Sunday Services at 10:00am
1155 Silas Deane Highway, Wethersfield
For the first two months of 2018, I will be using this space to interact with “This is our time” by Trevin Wax, a book that appeared on many “Best of” Christian book lists of 2017. In this book, Wax looks at the myths our culture teaches us, affirms the good longings underneath those myths, and then challenges those myths with the gospel. I believe this will be a good exercise for us in how to be discerning as we live in our world, so that we might be as Paul exhorted the Ephesian church: “Be very careful, then, how you live-- not as unwise but as wise, making the most of every opportunity, because the days are evil. Therefore do not be foolish, but understand what the Lord's will is.” (Ephesians 5:15-17)
The fifth chapter of “This is our time” is entitled Never “at Home” in the City of Man.” In this chapter, Wax examines the relationship the American Christian should have with his or her country. He presents the case that from the beginning, the European settlers who colonized America believed that God had a special relationship with their new country, that America would be a shining “city on a hill.” Over time, this belief only got stronger, as American preachers taught that America would help usher in the Kingdom of God, and others viewed America as the Messiah the world needed, uniquely blessed by God to bring peace and freedom to the rest of the world.
While Wax contends that it is true that our country is blessed in ways that far exceed our merits, and that our country is exceptional in many ways, he argues that Christians make an error if they replace God’s relationship with His universal church with His relationship with America (or equate modern-day America with Old Testament Israel). On the other hand, Wax also argues that we should resist the urge to make the alternate mistake of pulling back completely from public life and politics and seeing our country as an evil empire in the vein of Daniel’s Babylon.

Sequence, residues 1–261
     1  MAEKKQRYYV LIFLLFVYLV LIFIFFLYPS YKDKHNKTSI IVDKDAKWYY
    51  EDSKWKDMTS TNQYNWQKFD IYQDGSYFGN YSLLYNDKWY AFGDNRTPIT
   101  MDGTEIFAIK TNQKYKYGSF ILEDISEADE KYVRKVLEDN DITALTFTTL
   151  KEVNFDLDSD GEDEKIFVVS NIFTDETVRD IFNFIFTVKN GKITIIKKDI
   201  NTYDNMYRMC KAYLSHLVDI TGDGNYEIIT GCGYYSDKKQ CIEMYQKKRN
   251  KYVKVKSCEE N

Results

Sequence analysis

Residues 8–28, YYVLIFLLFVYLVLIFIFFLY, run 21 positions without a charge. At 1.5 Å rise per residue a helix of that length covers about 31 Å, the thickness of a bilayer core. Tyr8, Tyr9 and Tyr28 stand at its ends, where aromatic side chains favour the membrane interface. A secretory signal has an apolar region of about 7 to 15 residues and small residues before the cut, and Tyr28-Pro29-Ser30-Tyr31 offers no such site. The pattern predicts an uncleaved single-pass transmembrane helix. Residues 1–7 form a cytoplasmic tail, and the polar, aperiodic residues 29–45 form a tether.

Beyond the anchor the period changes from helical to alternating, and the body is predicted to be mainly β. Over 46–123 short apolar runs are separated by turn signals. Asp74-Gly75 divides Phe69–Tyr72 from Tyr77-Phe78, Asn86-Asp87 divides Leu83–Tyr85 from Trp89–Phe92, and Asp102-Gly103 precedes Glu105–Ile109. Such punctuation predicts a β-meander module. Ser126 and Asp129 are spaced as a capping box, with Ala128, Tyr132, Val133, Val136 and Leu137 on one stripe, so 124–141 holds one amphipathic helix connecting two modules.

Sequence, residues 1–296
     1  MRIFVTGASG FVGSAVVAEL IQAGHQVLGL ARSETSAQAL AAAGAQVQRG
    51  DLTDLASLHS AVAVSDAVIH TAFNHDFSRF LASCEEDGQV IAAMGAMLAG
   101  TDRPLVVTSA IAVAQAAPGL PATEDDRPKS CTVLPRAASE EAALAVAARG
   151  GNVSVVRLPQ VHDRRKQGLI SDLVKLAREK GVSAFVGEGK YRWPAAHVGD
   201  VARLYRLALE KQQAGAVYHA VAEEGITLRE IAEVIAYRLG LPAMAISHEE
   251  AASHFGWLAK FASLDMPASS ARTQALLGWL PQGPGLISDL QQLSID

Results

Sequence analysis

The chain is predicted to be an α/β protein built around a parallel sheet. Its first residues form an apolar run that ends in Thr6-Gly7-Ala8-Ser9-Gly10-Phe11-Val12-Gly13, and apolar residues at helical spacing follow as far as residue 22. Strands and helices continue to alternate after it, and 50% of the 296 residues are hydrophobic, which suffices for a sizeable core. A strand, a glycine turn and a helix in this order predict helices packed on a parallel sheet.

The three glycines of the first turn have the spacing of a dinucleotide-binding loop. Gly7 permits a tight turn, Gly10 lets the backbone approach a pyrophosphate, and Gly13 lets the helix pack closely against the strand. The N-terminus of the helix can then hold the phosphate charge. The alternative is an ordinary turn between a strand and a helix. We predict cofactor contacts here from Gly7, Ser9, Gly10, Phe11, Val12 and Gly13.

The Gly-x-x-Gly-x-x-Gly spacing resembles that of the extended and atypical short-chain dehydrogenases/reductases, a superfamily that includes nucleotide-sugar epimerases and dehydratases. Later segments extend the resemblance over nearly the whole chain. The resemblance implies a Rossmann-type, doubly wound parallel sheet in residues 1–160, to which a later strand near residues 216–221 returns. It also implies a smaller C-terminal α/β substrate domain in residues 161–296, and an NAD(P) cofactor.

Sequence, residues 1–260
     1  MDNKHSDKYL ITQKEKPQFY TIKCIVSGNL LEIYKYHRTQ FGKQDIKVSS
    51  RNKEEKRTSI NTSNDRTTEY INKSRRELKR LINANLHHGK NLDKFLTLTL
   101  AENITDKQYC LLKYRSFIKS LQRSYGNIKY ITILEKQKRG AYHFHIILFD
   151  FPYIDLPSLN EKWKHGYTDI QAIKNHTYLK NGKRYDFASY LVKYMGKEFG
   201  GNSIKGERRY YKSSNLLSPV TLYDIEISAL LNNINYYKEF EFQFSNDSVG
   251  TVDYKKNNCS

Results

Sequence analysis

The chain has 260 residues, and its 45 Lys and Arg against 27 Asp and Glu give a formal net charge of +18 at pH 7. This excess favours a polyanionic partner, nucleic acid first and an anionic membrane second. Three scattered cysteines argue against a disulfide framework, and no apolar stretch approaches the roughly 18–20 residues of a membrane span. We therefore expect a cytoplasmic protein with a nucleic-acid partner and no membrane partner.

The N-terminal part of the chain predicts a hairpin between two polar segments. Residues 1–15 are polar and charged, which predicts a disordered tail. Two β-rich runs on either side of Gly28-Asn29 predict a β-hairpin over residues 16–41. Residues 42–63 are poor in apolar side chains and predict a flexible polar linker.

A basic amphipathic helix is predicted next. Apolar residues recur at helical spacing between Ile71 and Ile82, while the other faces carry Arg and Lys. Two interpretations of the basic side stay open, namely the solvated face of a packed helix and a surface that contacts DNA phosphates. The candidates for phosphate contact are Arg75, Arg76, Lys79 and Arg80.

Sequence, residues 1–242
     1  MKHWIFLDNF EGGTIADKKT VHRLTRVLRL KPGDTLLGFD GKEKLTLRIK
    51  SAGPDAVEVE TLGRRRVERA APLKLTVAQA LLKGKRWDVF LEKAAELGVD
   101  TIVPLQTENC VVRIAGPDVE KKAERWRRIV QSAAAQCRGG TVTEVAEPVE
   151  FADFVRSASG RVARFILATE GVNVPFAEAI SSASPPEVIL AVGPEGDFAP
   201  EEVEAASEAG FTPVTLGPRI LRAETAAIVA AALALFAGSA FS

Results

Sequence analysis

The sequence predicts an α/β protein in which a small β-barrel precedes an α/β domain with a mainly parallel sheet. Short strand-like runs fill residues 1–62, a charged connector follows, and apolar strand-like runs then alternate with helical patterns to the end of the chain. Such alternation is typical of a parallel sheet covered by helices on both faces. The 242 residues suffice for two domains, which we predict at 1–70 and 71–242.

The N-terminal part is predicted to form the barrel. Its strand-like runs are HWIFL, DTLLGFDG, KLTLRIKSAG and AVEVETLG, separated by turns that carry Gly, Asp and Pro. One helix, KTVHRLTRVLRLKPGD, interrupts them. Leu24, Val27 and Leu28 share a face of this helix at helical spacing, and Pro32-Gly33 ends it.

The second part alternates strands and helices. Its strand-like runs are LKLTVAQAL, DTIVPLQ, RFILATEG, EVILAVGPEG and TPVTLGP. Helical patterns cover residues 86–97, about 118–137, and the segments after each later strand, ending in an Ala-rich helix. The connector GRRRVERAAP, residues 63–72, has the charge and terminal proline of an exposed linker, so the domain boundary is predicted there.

The correct approach, Wax argues, is along the lines of what Augustine argued in his book The City of God, which he wrote as a response to the fall of Rome in AD 410. Augustine wrote that there are two cities – the City of God and the City of Man – and Christians need to be careful not to identify the City of God too closely with any earthly city (or country). We belong to a church that is made up of believers from every nation, tribe, and language, and our bond with these brothers and sisters is closer than our bond with our fellow American who does not worship Jesus as Lord. This means that if our priority is God’s kingdom, then we will always feel out of place in this world. We will never feel perfectly at home until Jesus returns or takes us to be with Him.
Furthermore, it also means that we need to resist the urge to align ourselves completely with one political party or leader without thinking. We bow the knee to King Jesus, and trust in Him alone. And as members of His kingdom, we need to preserve our ability to be a prophetic voice in our culture and not be afraid to speak out against our political leaders or parties when their decisions or agendas contradict the Word of God. Like William Wilberforce opposing the slave trade in Parliament, or Dietrich Bonhoeffer working against Nazism in Germany, the Christian whose primary citizenship is in the kingdom of God may be called upon to dissent from what their country is telling them to do.
Clearly, it is becoming more difficult and dangerous to be a Bible-believing Christian in America. But we can take heart in knowing that our primary citizenship is in the Kingdom of Heaven, and that the one we live to honor is King Jesus. The more we know His love, and the more we understand God’s approval of us that we have in Jesus, the more we will be able to withstand the hatred and disapproval of the world.
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